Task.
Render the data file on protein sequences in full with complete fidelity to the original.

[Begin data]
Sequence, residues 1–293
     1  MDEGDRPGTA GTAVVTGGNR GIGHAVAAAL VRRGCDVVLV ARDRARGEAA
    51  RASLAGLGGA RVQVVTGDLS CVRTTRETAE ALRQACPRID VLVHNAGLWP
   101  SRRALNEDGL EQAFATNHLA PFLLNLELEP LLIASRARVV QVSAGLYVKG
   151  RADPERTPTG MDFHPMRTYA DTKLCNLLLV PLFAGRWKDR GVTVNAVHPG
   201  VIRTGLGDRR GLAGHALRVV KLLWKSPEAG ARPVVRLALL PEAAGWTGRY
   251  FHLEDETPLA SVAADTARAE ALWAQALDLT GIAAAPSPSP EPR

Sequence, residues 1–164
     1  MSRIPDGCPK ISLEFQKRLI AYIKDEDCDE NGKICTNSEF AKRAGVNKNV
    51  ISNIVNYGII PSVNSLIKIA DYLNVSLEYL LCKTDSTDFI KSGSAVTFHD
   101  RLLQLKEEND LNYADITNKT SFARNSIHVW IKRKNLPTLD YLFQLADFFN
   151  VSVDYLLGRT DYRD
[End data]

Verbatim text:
Sequence, residues 1–293
     1  MDEGDRPGTA GTAVVTGGNR GIGHAVAAAL VRRGCDVVLV ARDRARGEAA
    51  RASLAGLGGA RVQVVTGDLS CVRTTRETAE ALRQACPRID VLVHNAGLWP
   101  SRRALNEDGL EQAFATNHLA PFLLNLELEP LLIASRARVV QVSAGLYVKG
   151  RADPERTPTG MDFHPMRTYA DTKLCNLLLV PLFAGRWKDR GVTVNAVHPG
   201  VIRTGLGDRR GLAGHALRVV KLLWKSPEAG ARPVVRLALL PEAAGWTGRY
   251  FHLEDETPLA SVAADTARAE ALWAQALDLT GIAAAPSPSP EPR

Sequence, residues 1–164
     1  MSRIPDGCPK ISLEFQKRLI AYIKDEDCDE NGKICTNSEF AKRAGVNKNV
    51  ISNIVNYGII PSVNSLIKIA DYLNVSLEYL LCKTDSTDFI KSGSAVTFHD
   101  RLLQLKEEND LNYADITNKT SFARNSIHVW IKRKNLPTLD YLFQLADFFN
   151  VSVDYLLGRT DYRD